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Global Internet: Localisation and Multilingual Issues in Internet

“Despite continuing political and economic uncertainty, the Internet's extraordinary stability, resiliency, and ever increasing utility will push the global market for ecommerce spending past $10 trillion by 2010"

Carol M. Glasheen, IDC program vice president, Global Market Models and Demand-Side Research.

“Localization is the process of creating or adapting a product to a specific locale, i.e., to the language, cultural context, conventions and market requirements of a specific target market. With a properly localized product a user can interact with this product using his/her own language and cultural conventions. It also means that all user-visible text strings and all user documentation (printed and electronic) use the language and cultural conventions of the user. Finally, the properly localized product meets all regulatory and other requirements of the user's country/region.”

“Internationalization is a way of designing and producing products that can be easily adapted to different locales. This requires extracting all language, country/regional and culturally dependent elements from a product. In other words, the process of developing an application whose feature design and code design do not make assumptions based on a single locale, and whose source code simplifies the creation of different local editions of a program, is called internationalisation.”

1 Introduction: Internet Age

In today's Internet Age – in its various forms of websites, search engines, new media, email, and professional new advertising solutions and ads in emerging media formats – the global markets and enterprises are under enormous pressure to deliver more content, products and communication faster than their competitors. The new Internet and media landscape is fragmented and one of the most important issues to be considered right now are those dealing the language barriers that divide geographical borders.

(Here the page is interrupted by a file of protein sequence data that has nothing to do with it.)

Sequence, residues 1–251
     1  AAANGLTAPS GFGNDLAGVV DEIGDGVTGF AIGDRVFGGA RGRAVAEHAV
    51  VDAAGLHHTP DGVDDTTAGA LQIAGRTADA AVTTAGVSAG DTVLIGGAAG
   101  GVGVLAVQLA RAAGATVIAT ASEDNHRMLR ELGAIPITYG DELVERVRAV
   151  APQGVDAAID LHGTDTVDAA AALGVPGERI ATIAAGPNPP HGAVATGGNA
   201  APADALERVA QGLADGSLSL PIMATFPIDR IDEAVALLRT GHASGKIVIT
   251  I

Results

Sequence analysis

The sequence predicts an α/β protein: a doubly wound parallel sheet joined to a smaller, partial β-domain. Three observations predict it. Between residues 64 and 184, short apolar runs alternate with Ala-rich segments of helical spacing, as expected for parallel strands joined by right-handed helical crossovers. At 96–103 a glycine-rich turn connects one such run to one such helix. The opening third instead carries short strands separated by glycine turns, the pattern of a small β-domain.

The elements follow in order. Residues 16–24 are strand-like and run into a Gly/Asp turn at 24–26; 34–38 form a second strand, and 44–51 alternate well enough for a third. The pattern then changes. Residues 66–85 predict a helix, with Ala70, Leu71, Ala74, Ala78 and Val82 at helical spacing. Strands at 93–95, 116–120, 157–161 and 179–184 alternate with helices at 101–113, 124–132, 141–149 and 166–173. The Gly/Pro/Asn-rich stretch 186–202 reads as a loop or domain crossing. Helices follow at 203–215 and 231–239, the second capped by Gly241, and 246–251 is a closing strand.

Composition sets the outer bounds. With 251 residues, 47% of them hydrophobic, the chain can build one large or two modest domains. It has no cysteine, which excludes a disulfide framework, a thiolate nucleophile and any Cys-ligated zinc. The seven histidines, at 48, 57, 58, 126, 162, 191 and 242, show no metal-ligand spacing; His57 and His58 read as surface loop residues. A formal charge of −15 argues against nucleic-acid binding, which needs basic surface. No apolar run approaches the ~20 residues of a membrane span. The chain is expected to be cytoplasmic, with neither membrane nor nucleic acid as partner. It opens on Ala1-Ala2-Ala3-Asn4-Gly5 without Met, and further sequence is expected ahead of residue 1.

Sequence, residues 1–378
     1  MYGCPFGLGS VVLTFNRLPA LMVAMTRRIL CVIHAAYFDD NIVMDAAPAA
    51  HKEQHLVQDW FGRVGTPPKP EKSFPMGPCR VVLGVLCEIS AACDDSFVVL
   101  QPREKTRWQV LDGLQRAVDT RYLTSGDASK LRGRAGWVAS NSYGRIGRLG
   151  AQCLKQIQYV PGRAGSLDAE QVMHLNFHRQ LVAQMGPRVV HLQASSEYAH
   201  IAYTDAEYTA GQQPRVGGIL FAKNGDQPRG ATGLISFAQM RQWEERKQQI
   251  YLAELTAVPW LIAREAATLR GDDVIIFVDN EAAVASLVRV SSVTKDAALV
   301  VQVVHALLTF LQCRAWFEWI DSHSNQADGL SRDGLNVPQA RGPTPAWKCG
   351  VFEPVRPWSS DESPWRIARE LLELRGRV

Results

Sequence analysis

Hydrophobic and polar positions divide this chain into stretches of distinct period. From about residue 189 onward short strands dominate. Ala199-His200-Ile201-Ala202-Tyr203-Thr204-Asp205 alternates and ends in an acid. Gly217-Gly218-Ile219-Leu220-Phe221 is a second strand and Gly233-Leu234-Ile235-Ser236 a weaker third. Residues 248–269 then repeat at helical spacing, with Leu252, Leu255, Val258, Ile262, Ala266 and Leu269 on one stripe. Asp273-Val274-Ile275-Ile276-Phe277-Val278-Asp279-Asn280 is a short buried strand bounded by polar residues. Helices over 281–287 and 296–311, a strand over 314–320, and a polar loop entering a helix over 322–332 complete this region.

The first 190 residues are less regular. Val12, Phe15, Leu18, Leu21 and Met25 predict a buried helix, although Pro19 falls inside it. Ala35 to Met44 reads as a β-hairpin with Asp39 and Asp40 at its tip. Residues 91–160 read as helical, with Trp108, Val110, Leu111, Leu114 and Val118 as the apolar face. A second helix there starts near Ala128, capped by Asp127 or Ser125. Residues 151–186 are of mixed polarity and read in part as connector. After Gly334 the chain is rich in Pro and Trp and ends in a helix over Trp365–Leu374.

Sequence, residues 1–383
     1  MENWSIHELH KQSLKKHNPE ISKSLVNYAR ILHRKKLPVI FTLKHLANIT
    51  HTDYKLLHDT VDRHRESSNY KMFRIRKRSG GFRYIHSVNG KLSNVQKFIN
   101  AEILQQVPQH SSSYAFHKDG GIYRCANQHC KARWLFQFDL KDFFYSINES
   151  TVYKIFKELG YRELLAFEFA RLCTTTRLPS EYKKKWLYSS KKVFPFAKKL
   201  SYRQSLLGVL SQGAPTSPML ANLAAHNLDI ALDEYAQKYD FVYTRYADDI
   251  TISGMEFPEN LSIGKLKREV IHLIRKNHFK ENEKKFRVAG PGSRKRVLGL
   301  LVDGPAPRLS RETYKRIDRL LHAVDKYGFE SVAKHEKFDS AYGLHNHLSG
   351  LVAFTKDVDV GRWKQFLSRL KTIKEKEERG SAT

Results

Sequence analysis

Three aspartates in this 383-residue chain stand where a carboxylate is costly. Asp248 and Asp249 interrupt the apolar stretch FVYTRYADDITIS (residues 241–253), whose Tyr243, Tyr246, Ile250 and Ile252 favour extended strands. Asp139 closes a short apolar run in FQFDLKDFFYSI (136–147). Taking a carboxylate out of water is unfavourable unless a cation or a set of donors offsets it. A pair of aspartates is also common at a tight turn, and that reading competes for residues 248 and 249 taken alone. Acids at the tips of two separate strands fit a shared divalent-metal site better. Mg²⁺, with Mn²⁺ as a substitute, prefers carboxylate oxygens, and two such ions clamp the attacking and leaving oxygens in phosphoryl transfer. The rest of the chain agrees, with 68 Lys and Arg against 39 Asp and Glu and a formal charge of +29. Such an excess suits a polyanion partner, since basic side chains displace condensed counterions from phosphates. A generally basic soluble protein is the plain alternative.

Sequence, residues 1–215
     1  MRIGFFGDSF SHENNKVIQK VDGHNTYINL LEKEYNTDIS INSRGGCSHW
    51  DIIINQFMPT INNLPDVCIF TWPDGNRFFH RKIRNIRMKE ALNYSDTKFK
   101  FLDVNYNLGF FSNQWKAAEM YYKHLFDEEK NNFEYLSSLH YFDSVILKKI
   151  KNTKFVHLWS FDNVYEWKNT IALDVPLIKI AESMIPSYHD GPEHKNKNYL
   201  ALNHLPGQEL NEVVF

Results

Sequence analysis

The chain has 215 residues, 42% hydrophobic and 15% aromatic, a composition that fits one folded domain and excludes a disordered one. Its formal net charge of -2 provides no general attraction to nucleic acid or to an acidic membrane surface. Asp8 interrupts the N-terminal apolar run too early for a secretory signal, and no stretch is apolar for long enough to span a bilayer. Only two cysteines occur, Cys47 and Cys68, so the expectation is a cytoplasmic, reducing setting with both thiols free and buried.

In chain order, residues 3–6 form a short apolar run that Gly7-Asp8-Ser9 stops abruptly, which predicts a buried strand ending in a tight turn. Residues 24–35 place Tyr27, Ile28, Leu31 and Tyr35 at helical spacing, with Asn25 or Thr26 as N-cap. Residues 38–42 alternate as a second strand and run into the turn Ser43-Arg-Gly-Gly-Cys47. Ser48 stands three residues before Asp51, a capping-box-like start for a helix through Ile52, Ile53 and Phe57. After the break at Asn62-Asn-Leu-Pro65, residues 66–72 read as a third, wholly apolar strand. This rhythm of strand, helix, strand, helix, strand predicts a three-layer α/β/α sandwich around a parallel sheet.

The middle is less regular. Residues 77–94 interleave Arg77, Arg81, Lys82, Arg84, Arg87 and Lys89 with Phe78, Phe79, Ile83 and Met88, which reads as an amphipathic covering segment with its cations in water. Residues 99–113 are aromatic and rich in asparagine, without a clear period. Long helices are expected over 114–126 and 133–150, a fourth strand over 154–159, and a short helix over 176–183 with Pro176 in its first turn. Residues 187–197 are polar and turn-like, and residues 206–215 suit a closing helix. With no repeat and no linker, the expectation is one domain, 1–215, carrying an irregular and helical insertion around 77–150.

The importance of the internet introduced new paradigms and renewed global confidence in the digital space. This new paradigm revolves around the below points:

Create, innovate, rate, network, participate, cooperate.

The new internet landscape influences purchase decisions online and offline & new information about it must be sent to the market immediately. It must then be rated in order to win new customers, clients or maintain existing customers' loyalty. However, with multiple content authors, customers and companies residing on different continents, language barriers are all the more important to break. It is more necessary than ever for web projects to proceed with strong localization processes in order to create and publish the best products and content adapted to the right locations, languages and markets.

87% of Internet users (2003 Forrester Survey), rely on search engines to locate information on the web. A company that wants to localize their product or web site into 25 languages has to optimize the sites individually for the best searches. This is similar to what a music company does when it releases a new record, making a concerted effort to promote it internationally. In traditional business, Yellow Pages and business directories are vital for many companies in attracting new customers. In the internet and in the e-business world, search engines and new web ads play a similar role, although they are more complex and more effective. People browse research and buy products and services online by conducting searches. In the same way that companies pay for advertising in the Yellow Pages, or in major business directories, a company that works in the internet has to allocate money, content and time for effective visibility within the search engine arena. In the last several years, an entire Search Marketing industry has emerged and is working with companies and brands to achieve the optimal paid search results and top rankings in the search engines results pages.